Rework and revise don't invite joy. Work sounds like, well, work. And so we resist. We don’t want to work. We want to sing with words, to feel and release and breathe with relief. We don’t want to wrangle and second-guess.
To the teens, I say: Editing is part of the art and process of good writing. You don’t wake up one morning and suddenly run a race. You practice and train. You slog through the rain and cold and move your body against sleep and sleet until your breath is easy, your legs long and lean.
They hear: Writing is work.
I don’t know how to create an appetite for editing. I look to other writers for back-up:
Wally Lamb, bestselling author, says:
Learn to love revision. Listen to suggestions about what you might add, cut, reposition, and clarify in your work-in-process. Welcome such feedback with gratitude and humility, returning to your words with sharper insight. Make mistakes, lots of them, revising draft after draft of your continuing story.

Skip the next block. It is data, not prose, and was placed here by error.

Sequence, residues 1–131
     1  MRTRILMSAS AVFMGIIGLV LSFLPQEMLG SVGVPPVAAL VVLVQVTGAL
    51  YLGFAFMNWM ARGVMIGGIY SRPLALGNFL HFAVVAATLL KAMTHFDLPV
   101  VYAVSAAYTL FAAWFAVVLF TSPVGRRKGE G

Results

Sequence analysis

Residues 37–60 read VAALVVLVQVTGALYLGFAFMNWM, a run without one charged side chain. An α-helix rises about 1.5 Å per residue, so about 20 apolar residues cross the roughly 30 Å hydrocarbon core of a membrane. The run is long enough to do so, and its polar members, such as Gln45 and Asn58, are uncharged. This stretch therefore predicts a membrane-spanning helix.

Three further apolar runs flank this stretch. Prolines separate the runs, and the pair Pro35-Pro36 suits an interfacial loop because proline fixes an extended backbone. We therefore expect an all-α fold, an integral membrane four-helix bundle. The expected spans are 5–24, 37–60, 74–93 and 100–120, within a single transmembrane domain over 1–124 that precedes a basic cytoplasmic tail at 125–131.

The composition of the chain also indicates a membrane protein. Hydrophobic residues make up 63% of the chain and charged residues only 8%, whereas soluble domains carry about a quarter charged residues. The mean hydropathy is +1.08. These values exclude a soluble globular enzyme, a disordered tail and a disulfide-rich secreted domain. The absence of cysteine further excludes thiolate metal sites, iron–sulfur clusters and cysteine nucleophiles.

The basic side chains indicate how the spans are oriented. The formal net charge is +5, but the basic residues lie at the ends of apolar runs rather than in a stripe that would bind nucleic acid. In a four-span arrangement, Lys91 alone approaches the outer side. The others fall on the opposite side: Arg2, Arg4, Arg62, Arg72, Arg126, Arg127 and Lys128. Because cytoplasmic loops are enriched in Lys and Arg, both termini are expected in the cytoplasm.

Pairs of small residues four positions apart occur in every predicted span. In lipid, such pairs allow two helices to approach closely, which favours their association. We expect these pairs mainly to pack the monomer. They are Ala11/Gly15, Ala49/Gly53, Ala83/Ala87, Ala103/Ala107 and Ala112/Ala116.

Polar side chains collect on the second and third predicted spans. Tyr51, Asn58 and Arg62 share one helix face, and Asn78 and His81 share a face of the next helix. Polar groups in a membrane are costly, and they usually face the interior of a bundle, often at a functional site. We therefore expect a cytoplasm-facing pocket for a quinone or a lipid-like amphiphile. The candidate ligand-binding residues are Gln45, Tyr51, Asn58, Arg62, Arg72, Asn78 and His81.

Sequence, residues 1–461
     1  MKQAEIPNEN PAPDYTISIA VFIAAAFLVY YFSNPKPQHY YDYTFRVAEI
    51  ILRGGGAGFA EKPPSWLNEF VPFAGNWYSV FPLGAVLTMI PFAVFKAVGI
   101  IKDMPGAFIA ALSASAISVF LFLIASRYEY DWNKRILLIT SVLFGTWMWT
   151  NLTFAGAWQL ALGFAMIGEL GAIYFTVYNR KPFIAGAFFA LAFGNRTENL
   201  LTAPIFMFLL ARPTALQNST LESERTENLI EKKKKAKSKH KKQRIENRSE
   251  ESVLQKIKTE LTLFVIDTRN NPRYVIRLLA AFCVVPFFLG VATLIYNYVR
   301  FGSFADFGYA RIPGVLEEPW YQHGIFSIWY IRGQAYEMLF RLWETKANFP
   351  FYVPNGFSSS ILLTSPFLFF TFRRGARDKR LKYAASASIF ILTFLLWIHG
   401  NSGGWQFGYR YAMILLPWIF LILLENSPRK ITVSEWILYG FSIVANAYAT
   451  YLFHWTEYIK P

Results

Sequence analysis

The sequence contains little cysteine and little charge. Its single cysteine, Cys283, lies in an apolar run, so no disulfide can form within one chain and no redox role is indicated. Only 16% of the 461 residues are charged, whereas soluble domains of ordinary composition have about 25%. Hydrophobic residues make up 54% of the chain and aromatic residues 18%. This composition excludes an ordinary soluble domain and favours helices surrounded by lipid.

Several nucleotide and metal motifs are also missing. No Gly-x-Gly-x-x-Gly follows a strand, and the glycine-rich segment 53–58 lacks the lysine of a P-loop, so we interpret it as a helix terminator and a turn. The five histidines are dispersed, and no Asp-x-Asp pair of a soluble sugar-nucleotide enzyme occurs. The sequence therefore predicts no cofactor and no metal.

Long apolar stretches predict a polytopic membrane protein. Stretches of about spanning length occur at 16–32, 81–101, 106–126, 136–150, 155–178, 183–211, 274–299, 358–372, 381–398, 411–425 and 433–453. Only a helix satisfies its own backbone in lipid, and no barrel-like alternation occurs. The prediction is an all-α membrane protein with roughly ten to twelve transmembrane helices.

Kim Addonizio, poet, says:
If you don’t think your work needs revision, here’s a tip: Don’t try to be a poet. You will never — I mean never — be any good.
For a bit, we are buoyed by encouraging words. Our initial disdain turns to inadequacy: Where to start? What to delete? What to keep? We need direction, guides, rules.
There’s no lack of writing guides, but where are the can-do books on the art of revision? I’m not talking Strunk and White’s Elements of Style. Grammar guides are abundant. I’m looking for an encouraging, practical, you-can-do-it guide to take us from raw goods to polished gems.
It's a slippery thing, writing, editing, art. It's not paint-by-numbers, I know. The joy of creation is in finding your way. But surely there are rules we can follow and then, with knowledge, break.
What's your process? How do you begin, and end? For you, is it all instinct and choice, or are there defined rules and routes?